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Tag: Over-treatment

Guess Who Has Been Over-Treated For More Than Twenty Five Years?

When I was in my twenties, I was diagnosed with glaucoma. At the time, I didn’t worry about it. I was twenty-something, busy teaching, having babies, writing a book—and, with glasses, my eyesight was 20/20.

It was only when I moved to Manhattan twenty-five years ago that I began to take the disease seriously. A friend recommended an ophthalmologist who, I was told, was one of the best in the city. He regularly turned up on lists of New York’s star specialists, had an office on Park Avenue, and didn’t take insurance of any kind. Twenty-five years ago, this was unusual. But, my employer’s insurance was generous and paid most of his very high fee.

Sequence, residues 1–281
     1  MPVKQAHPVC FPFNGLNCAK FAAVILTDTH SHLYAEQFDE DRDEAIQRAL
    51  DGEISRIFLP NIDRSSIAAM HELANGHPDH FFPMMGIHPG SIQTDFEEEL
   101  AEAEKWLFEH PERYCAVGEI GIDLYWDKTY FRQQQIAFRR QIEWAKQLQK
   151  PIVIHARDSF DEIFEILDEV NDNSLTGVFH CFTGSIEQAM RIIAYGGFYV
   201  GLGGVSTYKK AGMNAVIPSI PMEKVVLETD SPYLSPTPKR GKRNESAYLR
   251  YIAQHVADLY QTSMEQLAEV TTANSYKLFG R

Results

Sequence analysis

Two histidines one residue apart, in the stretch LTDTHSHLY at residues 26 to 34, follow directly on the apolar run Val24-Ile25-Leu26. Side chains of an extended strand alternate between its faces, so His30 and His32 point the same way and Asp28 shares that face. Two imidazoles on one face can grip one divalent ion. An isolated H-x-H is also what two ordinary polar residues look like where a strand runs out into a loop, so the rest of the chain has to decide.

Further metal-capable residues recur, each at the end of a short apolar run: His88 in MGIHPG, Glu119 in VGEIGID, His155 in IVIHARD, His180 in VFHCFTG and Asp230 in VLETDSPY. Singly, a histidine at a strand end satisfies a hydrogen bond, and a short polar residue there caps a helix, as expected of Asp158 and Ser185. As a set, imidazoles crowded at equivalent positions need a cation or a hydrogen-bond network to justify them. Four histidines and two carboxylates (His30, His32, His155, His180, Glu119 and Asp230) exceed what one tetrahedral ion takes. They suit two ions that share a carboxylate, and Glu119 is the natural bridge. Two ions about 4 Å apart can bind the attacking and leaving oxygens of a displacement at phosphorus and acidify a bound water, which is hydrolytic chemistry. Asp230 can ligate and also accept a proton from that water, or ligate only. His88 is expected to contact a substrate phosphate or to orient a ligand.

At my first appointment, I mentioned the early diagnosis of glaucoma. After examining my eyes, Dr. X told me that that I must begin using eye drops immediately. I also should begin making appointments to see him every four months so that he could check the “pressure” on my optic nerve. Glaucoma is the second leading cause of blindness in the U.S. There is no cure, but usually it can be controlled with eye drops. “It must be watched carefully,” said Dr. X.

Over a period of years, I saw Dr. X regularly, and continued to use the eye drops, morning and night. At least once a year he prescribed a “field vision test” to check whether my peripheral vision was degenerating. Meanwhile, an appointment with Dr. X killed an afternoon. He kept his waiting room full. And while he had many minions (young assistants who seemed afraid of him), he was a solo practitioner, so the line moved slowly. He once explained to me that he preferred solo practice because, “I don’t want anyone looking over my shoulder.”Continue reading…